Kids believe their futures will be full of flying cars, teleportation and robots, survey finds | The Sun

KIDS believe their futures will be full of flying cars, teleportation and robots, according to a new survey.

A poll of 1,000 children aged 6-10 found that 72 per cent named self-charging electric cars as an invention they’d like to see, while 51 per cent would like flying cars.

The study, commissioned by Hyundai, also found that nearly one in five (17 per cent) want to go to space via public transport.

Others hope to witness teleportation, a flying school bus, and robots.

Children also clearly want to go about their travels unnoticed, as an invisibility machine also made the wish list.

65 per cent of children think technology can make the world a better place, for making and building things (59 per cent) and learning (56 per cent).

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While 29 per cent believe technology is useful for transportation.

Of the 2,000 adults who were also polled, 51 per cent believe technological developments are essential for driving progress in society, with science, healthcare, business and education areas they believe technology holds the key to success.

It also emerged 62 per cent of Brits recognised the part technology has played in their personal mobility, although transport was a key area for tech developments, with 23 per cent saying it would benefit from technological advances.

There is a clear appetite for mobility to be more sustainable, as 38 per cent felt tech could be deployed to improve transport and mobility’s environmental credentials.

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Echoing their younger counterparts, robots, flying and autonomous cars are among the technology adults were most excited about, while renewables and AI were also high on the agenda.

The study exploring attitudes toward future technology was commissioned by Hyundai, as the brand looks to understand how adults and children perceive mobility solutions such as electric cars and flying taxis.

As brands prepare new innovations like autonomous flying taxis, a third of adults imagined such inventions wouldn’t be available for at least another 20 years.

And three-quarters didn’t know some modern electric cars can be used as charging points, to charge other electric vehicles around them, and even other essential personal tech.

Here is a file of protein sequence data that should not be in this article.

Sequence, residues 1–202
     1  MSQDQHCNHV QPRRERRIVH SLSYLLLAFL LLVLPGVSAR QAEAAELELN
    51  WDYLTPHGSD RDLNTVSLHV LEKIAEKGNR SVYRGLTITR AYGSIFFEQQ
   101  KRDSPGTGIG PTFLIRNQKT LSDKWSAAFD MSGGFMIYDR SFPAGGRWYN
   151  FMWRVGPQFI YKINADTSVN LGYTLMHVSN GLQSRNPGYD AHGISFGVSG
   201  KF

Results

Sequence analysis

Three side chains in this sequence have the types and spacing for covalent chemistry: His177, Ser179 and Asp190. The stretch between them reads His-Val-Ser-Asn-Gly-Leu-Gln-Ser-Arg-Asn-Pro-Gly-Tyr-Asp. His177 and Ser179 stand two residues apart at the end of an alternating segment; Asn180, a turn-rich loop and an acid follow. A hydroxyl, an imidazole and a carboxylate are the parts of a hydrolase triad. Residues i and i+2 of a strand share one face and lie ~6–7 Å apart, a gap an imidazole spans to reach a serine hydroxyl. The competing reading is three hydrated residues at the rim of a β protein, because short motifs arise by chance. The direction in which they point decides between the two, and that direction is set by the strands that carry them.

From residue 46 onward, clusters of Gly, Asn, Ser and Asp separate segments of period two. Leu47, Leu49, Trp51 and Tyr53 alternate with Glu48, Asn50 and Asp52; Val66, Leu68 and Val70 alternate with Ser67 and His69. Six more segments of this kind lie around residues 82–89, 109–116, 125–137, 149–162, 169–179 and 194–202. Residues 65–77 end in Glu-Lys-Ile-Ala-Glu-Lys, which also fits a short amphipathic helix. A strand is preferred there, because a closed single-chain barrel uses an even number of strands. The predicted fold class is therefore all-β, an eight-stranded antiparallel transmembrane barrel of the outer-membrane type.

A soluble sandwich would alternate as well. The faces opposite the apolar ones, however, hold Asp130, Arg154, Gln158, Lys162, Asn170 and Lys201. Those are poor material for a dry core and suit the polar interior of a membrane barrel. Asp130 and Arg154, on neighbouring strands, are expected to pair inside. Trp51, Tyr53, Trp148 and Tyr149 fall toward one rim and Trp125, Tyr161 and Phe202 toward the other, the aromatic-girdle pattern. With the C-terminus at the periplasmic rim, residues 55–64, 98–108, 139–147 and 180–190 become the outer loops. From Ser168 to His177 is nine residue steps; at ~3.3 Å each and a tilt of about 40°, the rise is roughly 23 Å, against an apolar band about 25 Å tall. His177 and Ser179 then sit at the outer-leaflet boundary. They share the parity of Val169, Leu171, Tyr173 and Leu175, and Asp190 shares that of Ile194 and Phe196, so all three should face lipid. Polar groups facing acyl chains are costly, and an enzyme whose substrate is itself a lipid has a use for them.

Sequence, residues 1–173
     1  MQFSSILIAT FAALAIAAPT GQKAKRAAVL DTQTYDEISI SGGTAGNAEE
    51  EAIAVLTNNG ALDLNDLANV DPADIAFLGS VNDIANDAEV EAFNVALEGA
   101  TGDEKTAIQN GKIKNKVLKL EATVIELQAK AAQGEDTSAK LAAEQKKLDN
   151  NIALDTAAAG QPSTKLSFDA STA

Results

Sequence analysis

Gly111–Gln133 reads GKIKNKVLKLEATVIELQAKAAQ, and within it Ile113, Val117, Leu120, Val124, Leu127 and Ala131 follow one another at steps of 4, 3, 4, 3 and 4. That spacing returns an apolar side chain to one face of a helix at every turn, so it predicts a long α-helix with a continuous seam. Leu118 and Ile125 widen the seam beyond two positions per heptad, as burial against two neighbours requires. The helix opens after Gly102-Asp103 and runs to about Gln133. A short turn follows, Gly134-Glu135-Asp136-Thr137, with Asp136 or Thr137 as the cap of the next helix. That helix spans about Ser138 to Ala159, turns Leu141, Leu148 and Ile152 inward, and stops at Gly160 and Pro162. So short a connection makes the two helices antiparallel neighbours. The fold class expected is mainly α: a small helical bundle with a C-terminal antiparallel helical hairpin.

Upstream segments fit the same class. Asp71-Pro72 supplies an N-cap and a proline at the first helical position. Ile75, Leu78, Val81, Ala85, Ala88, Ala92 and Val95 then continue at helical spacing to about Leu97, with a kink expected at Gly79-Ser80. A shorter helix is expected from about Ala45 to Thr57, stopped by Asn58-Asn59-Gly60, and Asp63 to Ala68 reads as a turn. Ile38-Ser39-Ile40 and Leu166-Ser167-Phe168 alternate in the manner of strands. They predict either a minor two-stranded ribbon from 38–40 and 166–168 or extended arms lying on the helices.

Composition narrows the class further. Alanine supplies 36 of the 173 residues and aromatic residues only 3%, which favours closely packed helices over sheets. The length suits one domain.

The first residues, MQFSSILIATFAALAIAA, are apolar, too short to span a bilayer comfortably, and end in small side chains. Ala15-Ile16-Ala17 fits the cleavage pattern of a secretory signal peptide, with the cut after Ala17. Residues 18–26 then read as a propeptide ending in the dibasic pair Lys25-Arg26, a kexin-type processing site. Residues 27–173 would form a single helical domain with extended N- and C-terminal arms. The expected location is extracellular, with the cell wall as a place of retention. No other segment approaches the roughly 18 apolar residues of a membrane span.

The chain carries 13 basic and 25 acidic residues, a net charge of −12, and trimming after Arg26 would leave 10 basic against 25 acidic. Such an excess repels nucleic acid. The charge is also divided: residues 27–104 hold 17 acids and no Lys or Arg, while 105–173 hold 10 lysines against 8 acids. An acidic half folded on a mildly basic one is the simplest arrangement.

It also emerged nearly four in 10 adults have come to terms with the idea of interacting with robots in their daily life, and 31 per cent feel excited at the prospect.

And 47 per cent believe them to be useful, especially in the fields of scientific research, healthcare and transportation, due to the ability to learn, endure climate extremes and harsh terrain.

For social progress, adults rate robots higher than children, with 32 per cent willing to befriend one, compared to just 24 per cent of children.  

Perhaps not surprisingly for children under 12, the key robot capabilities were the ability to do chores (55 per cent) and homework (47 per cent).

Ashley Andrew, managing director at Hyundai Motor UK, said: “Many of us are intrigued by the potential capacities of robotics, and how this will determine the future of technology.

“It’s clear from our research that society is eager to embrace technology on a range of levels such as helping efforts to clean up the environment and offer clean mobility solutions, ultimately driving progress in the way we travel.”

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Following the findings in the OnePoll studies, people were asked how they feel about welcoming technology into their lives.

While expressing their thoughts in a video, participants got to experience the opportunity robotics presents for the future, with Spot the robotic dog from Boston Dynamics making a surprise appearance.

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